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Old 07-13-2012, 04:38 PM   #1
iambeer
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I've had SNPA since I was a teenager. But now, I have a new appreciation for it. I recently found out that they bottle condition their pale ale in bottoles. I could not believe it--how cool is that? I checked the bottom of a bottle and sure enough there it was, a thin layer of yeast. I went to their website FAQ and it says they add fermentables and yeast to their bottles, presumably after a good filtration process. Wow, they are so cool. Do ya'll think they use the same yeast or another yeast? In my mind SN and Sam Adams provide the North American standard for mass produced beer.

I'm looking at this is I'm doing a SNPA clone which is almost done fermenting. Very excited.

Well, a newbie post would not be complete without a question, so here it is: Can you condition in a can? Does anyone condition in a can?

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Old 07-13-2012, 04:43 PM   #2
AZ_IPA
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Sierra Nevada conditions their pale ale in the can.


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Old 07-13-2012, 04:44 PM   #3
Jwood
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1. They probably use the same yeast strain to condition the bottles.

2. I'd assume you could condition in a can, but bottle cappers are very inexpensive compared to a canning line.

3. A fun fact for you. Did you know that the recipe for SNPA is different for the bottles and draft!? The draft version is a little bit lighter than the bottled version.

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Old 07-13-2012, 04:50 PM   #4
DPBISME
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I would assume you can condition in just about anything as long as you have active yeast...

Oh and you worship the wrong beer... we cannot be friends... (so how do I add one of thos silly smiley faces here... HA)

DPB

 
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Old 07-13-2012, 06:13 PM   #5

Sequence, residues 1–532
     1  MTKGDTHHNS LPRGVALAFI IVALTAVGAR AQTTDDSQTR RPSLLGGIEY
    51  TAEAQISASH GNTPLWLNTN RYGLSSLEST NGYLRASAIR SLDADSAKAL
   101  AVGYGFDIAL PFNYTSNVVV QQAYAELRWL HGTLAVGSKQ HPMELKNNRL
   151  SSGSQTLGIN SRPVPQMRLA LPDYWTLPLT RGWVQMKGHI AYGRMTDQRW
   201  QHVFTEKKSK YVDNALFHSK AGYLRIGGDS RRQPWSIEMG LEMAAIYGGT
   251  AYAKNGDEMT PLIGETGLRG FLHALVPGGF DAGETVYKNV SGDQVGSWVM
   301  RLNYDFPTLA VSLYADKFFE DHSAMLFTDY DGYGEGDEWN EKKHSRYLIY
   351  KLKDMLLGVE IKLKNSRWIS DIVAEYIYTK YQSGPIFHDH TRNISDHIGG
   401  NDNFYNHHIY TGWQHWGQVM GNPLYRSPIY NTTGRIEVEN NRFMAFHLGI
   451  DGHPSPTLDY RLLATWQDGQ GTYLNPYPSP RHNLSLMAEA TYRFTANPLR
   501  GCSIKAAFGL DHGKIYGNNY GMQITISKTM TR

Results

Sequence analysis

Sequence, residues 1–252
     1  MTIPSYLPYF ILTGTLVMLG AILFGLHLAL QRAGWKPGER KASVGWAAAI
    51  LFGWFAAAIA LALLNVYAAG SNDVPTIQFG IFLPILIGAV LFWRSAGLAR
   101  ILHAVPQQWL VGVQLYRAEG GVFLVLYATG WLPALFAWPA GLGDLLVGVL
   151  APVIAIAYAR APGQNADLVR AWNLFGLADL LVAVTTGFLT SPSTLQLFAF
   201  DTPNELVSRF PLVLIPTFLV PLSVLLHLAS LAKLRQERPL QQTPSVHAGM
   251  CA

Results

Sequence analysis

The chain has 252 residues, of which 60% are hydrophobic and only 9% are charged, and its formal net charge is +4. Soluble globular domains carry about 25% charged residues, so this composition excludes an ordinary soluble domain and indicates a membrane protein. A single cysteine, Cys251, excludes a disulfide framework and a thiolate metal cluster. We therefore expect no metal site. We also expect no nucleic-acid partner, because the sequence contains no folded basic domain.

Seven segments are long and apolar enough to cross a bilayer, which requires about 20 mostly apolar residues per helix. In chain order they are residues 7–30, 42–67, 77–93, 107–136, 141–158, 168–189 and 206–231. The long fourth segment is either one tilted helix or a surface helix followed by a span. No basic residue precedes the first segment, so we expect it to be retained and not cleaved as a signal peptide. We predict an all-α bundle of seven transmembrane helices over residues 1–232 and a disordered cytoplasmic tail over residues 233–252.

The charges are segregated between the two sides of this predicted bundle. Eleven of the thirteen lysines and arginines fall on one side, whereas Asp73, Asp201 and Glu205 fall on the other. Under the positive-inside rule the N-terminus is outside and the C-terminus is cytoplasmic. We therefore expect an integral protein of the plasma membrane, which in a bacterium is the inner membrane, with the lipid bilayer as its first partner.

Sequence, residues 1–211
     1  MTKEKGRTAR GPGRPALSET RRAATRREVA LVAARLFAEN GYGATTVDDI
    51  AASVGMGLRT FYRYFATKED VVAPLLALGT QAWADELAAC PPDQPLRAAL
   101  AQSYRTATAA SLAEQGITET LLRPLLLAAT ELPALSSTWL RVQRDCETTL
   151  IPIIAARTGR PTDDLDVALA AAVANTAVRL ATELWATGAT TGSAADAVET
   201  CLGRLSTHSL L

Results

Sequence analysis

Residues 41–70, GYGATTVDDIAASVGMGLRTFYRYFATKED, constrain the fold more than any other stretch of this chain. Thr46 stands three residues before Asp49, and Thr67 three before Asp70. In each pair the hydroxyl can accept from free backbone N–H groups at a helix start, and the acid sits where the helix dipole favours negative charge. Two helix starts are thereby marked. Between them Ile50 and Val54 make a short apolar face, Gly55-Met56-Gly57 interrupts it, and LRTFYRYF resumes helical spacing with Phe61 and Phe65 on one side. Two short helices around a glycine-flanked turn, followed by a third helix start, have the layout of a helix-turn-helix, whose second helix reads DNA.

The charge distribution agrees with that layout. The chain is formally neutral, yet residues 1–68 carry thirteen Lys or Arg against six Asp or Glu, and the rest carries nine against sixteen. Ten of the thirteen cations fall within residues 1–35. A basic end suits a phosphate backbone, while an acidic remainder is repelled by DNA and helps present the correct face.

iambeer
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canned conditioned. amazing!!

Actually, what really rebooted me into SNPA was a draft version of it. So good.

DPBISME, I'm not exclusive on beer worship (actually, just about any beer that is sitting in front of me at a certain point in time). I believe in the whole pantheon of beers; they are not jealous gods.

Another detail I forgot to mention is that I did not know this, but when buying SNPA, you have to keep in the fridge for at least two days for the carbonation to really come alive! Only now am I putting it together that the reason for this is that it's bottle conditioned! Amazing!

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Old 07-13-2012, 06:25 PM   #6
stevedis
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I'm with you IAM - SNPA is my all time favorite American beer, good in any season with any kind of food that I would drink beer with. It's da bomb! In fact about the only time I don't like it is tailgating at the Redskins games because you really can't drink it out of the bottle!

 
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Old 10-03-2012, 01:52 PM   #7
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I just made a thread on looking for guidance as a first time homebrew wannabe . Can't buy SNPA anywhere near me, but love it ooooooh so much. Would love to know experiences you had with doing your clone.

 
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Old 10-03-2012, 01:57 PM   #8
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SNPA is a damned fine beer.

Worship? I don't think so.

 
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Old 10-03-2012, 01:59 PM   #9
freisste
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Quote:
Originally Posted by Jwood
1. They probably use the same yeast strain to condition the bottles.
Lots of beers are bottle conditioned, which IS cool.

One note I came across while researching harvesting yeast from the bottles is that often beer is filtered and new yeast is added. The new yeast is often different from the original. I don't have any statistics, but you can't count on the yeast being the same.

If you aren't harvesting from the bottle to clone and you just like the idea, this information is irrelevant. Cheers.

 
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Old 10-03-2012, 02:01 PM   #10
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Quote:
Originally Posted by freisste View Post
Lots of beers are bottle conditioned, which IS cool.

One note I came across while researching harvesting yeast from the bottles is that often beer is filtered and new yeast is added. The new yeast is often different from the original. I don't have any statistics, but you can't count on the yeast being the same.

If you aren't harvesting from the bottle to clone and you just like the idea, this information is irrelevant. Cheers.
This. Many breweries go through painstaking labors to keep their house yeast pure and viable and proprietary thus using a different yeast for bottle conditioning to keep competitors away from their wares.

Some breweries don't care and will just give their house yeast away.

Impossible to say but an answer may be just an email away.

 
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